Girl  Evangelists
 
Aimee Semple 
McPherson
(1890-1944)

No person had a greater influence on the phenomenon of girl evangelists than did Aimee Semple McPherson (nee Kennedy), the leading woman revivalist of the 1920s. She held six-week summer Bible schools for children in her new 5300-seat church, she invited young people onto her stage to preach, and she appointed young women, some mere girls) to leadership positions in churches in her International Church of the Foursquare Gospel.

Aimee was born in Ontario, Canada and raised under the Salvation Army influence of her mother. After some rebellion against conservative Christianity, at age seventeen, she fell under the spell of Robert Semple, a Pentecostal itinerant revivalist, marrying him about a half year later. Within two years, they arrived in China as missionaries, but Robert died after only three months from malaria, in August 1910. Less than a month after Robert’s death, Aimee, alone and recently widowed in China, gave birth to a little girl, Roberta. On returning to North America, she remarried and gave birth to a son, but soon she was off preaching revival crusades, with considerable success. This led to separation and divorce.

In 1919 Aimee, along with her mother and the two children, headed for California, where by 1923 she had thousands of followers in Los Angeles. She opened a grand domed church called Angelus Temple, which seated 5300 people. The Temple conducted three services a day, seven days a week. Aimee’s sermons were often illustrated, dramatic productions that would rival nearby Hollywood. Calling her church the “Four-Square Gospel,” she added a Bible school and radio station, and satellite churches under that banner began to pop up throughout the continent. Identifying both with Pentecostalism and Fundamentalism, she was sought after for revival crusades throughout the continent and overseas. Thus she maintained a revivalist schedule as well as pastored her Los Angeles church—a considerable workload.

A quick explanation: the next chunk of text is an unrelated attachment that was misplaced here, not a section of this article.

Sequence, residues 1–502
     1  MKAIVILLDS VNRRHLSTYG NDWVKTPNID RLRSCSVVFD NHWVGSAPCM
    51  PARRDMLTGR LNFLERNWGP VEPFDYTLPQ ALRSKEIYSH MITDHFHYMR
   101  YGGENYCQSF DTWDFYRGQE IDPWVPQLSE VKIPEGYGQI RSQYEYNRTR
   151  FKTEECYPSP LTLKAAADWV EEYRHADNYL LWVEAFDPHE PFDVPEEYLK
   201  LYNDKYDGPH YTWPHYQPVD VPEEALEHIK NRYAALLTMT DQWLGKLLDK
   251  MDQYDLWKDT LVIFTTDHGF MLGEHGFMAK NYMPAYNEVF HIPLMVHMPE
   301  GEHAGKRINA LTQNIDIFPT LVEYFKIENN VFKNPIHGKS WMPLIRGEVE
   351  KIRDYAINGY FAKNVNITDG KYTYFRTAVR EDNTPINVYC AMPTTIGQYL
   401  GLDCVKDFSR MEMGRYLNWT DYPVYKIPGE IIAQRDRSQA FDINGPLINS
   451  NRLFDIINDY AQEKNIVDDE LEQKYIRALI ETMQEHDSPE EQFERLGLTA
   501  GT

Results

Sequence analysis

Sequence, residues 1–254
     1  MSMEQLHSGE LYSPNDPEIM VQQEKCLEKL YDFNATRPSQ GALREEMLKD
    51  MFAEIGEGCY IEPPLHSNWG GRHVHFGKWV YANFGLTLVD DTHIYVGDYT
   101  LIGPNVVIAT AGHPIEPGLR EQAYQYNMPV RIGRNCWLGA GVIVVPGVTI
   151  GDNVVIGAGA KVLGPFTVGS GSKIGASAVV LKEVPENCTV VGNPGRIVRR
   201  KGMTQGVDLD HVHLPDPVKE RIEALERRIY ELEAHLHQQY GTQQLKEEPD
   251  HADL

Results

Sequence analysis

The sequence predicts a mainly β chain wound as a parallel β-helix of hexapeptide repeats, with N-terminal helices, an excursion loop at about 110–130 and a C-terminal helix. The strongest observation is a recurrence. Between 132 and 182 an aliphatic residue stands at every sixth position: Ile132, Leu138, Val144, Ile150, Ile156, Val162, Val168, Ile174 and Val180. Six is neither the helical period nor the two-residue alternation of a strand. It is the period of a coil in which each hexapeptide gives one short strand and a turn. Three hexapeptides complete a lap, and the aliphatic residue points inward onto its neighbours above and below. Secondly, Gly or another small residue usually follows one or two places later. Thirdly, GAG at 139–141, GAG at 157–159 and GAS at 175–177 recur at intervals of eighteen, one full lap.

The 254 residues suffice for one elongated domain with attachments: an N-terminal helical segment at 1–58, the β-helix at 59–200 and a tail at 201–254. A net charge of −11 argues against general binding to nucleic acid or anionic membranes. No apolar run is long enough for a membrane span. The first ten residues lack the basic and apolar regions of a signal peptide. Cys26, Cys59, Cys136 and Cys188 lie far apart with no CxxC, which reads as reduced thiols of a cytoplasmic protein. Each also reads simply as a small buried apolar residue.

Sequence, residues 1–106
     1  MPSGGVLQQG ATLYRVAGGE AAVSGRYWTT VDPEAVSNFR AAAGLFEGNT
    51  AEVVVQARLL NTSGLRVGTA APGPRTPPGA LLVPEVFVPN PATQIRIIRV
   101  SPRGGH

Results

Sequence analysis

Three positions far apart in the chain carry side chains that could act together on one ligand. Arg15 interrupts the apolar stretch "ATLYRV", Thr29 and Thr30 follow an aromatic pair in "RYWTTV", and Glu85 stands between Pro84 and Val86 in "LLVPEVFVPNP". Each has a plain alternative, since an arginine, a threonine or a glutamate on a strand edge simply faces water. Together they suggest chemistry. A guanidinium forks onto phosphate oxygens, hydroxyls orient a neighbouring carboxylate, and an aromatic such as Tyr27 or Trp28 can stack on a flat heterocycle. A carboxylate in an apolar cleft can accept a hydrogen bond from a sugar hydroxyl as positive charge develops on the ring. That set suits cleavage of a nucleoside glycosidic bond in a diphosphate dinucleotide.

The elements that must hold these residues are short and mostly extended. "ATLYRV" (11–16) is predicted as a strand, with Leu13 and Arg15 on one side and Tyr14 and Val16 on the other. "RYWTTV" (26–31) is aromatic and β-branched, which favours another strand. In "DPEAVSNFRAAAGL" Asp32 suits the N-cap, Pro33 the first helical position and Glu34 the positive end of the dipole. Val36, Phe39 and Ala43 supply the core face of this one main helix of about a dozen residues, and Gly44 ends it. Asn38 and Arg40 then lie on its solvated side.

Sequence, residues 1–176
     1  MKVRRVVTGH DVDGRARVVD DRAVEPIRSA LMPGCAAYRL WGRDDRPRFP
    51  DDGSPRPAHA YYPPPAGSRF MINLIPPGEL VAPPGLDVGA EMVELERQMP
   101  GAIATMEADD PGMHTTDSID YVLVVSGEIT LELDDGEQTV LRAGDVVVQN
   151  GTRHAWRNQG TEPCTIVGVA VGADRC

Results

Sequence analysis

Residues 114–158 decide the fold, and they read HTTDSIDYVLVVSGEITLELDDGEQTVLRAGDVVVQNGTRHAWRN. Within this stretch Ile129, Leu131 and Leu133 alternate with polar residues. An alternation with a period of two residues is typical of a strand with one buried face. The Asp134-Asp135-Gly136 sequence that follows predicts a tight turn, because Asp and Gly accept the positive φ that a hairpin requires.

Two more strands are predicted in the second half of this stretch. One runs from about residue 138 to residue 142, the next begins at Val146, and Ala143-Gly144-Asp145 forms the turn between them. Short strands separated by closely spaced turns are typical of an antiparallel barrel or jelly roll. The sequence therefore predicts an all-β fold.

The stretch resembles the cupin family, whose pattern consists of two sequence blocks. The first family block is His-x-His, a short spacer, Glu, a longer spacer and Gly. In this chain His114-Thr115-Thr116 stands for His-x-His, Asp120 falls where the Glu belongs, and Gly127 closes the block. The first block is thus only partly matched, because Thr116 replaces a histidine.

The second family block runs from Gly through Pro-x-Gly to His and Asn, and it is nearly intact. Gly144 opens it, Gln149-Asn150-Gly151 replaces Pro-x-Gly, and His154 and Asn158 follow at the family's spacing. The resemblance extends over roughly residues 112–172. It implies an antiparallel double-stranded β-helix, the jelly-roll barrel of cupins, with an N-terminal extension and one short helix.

In 1926, McPherson disappeared for five weeks. It was thought she had drowned, but when she reappeared, she claimed that she had been kidnapped. But rumours circulated that she had really gone off for a romantic rendezvous with the engineer of her radio station. Aimee survived that  scandal and the attempt by the local prosecutor to get a grand jury indictment against her. She survived, as well, a nervous breakdown in 1930 and numerous lawsuits.

During the Great Depression, McPherson’s social activism went into high gear, providing clothing and food for the needy.

Aimee was clearly the most innovative and daring woman revivalist of the period. She helped to reinvigorate revivalism. Real and fictional women and girl evangelists were moulded in her image.

Today, the International Church of the Foursquare Gospel, which Aimee founded, has a membership of about 8 million in 60,000 churches.

for further reading:

Chas. H. Barfoot, Aimee Semple McPherson and the Making of Modern Pentecostalism, 1890-1926 (Equinox, 2011).

Edith L. Blumhofer, Aimee Semple McPherson: Everybody's Sister (Grand Rapids: Eerdmans, 1993).

Daniel Mark Epstein, Sister Aimee: The Life of Aimee Semple McPherson (Harcourt, Brace, 1993). Reprint:  Harvest, 1994.

Matthew Avery Sutton, Aimee Semple McPherson and the Resurrection of Christian America (Cambridge, MA: Harvard University Press, 2007).

DVD. “American Experience - Sister Aimee” PBS, 2007.

RELATED PAGES:

Fundamentalism

Hollywood

Pentecostalism

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